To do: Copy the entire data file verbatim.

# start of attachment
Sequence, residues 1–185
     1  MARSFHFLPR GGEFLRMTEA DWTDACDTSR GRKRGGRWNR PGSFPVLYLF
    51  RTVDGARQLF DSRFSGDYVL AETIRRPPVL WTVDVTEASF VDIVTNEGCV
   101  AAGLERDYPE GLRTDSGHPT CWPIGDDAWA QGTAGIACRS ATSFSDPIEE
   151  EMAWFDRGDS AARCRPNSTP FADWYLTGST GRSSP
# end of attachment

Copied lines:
Sequence, residues 1–185
     1  MARSFHFLPR GGEFLRMTEA DWTDACDTSR GRKRGGRWNR PGSFPVLYLF
    51  RTVDGARQLF DSRFSGDYVL AETIRRPPVL WTVDVTEASF VDIVTNEGCV
   101  AAGLERDYPE GLRTDSGHPT CWPIGDDAWA QGTAGIACRS ATSFSDPIEE
   151  EMAWFDRGDS AARCRPNSTP FADWYLTGST GRSSP